Revised Frustration-Aggression Theory

“… athletes are more likely to be aggressive when frustration increases arousal and anger, and they have learned that aggressive acts are deemed appropriate. In our society, it is seen as more appropriate to act aggressively during sport than in other contexts (e.g. in the supermarket or classroom), and in some sports but not in others (e.g. in rugby but not in snooker).”

In other words, context is important. As we are doing a martial art, I think that there is definitely a strong stream of thinking that says behaving aggressively should be the normal approach to kendo (at least in shiai anyway).

This description I think fits some of the aggressive behaviour I’ve seen in shiai and experienced during keiko – frustration with being unable to hit a good ippon or perhaps landing a strike you think is good get you are not awarded it by the shinpan.

In other words, because we are doing kendo (i.e. due to subculture of kendo) we can sometimes feel it’s ok to act (more) aggressively.

Game Reasoning Theory

This is an interesting theory that posits that people “suspend reality” while engaging in sport and “view aggression differently from how we view it in other areas of life.” This then leads to the conclusion that our “moral reasoning differs between sport and everyday life” – quite a large sweeping statement.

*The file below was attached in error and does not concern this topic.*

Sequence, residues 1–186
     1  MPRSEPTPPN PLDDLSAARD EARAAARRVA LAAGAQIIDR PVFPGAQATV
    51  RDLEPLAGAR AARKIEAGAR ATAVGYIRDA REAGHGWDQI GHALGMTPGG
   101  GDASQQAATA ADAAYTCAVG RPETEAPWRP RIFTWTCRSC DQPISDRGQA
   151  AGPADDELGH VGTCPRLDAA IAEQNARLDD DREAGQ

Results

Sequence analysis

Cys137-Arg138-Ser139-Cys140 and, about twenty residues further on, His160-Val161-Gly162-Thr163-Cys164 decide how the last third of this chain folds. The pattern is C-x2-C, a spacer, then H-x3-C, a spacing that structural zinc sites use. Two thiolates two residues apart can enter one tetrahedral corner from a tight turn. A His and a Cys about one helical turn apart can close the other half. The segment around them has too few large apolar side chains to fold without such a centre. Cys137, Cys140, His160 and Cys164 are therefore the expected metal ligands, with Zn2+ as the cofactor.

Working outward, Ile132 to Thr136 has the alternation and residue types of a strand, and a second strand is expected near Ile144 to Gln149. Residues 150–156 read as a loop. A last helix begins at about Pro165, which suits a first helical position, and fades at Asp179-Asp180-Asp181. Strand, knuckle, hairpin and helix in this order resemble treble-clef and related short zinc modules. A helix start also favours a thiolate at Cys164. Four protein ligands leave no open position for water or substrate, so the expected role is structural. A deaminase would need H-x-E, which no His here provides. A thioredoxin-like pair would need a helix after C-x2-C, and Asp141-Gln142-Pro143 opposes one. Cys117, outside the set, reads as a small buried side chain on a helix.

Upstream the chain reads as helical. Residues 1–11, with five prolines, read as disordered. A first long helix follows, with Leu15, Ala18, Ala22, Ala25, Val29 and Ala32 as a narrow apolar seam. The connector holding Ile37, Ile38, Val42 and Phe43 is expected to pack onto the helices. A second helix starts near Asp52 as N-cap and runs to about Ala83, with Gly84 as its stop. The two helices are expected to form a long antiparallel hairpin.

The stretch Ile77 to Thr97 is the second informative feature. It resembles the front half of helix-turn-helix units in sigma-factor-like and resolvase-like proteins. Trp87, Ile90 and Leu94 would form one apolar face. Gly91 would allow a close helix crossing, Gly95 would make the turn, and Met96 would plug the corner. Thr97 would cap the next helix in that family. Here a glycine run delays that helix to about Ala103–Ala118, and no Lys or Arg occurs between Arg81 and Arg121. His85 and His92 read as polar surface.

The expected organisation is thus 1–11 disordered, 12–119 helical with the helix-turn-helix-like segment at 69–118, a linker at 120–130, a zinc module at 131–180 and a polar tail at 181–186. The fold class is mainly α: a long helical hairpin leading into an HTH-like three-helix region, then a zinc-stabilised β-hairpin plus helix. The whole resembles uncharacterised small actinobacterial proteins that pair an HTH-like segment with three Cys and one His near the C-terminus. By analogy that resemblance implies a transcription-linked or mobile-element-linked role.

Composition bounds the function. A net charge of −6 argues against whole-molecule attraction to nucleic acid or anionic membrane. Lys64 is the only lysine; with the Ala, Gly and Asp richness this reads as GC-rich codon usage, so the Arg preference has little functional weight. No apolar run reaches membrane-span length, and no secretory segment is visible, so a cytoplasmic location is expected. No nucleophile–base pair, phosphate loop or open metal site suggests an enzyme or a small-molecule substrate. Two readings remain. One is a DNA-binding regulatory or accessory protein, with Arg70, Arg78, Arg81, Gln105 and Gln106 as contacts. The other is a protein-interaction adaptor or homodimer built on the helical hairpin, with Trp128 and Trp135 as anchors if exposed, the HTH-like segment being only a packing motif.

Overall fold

Although tackling subjects much broader than the simple over-aggressiveness we sometimes see in kendo (e.g. cheating, strategic fouls, verbal intimidation, physical violence, intentional rule breaking) it is food for thought.

Reversal Theory

By far the most kendo-applicable theory it says:

“for some athletes… the physical contact and aggression involved are the key reason why they play the sport. Being aggressive adds to the excitement, enjoyment, and positive experience they derive from their involvement.”

Aggression (termed violence in this theory) is divided into 4 types, 2 of which I believe are common in kendo:

Power violence“occurs when we experience the serious and mastery states. Our aim is to dominate our opponent to achieve a competitive goal. Power violence is typically a calculated act”

Play violence“occurs when we experience the playful and mastery states: we enjoy the feeling of dominating our opponents, but… we have no intention of causing harm”

The states mentioned above are:

Serious“In this state we want to achieve a meaningful goal… are are concerned with the future consequences of our behaviour.”

Mastery“In this state we focus on competition, toughness, strength, being dominant and in control”

Playful“In this state we… want to enjoy the moment, be spontaneous and have no concern for long-term consequences”

This seems to be to accurately describe the type of kendo I do during keiko with friends or kohai. Of course, the term “violence” is probably not exactly how you or I would define it, but I do understand why non-kendo people might !!

When are people aggressive?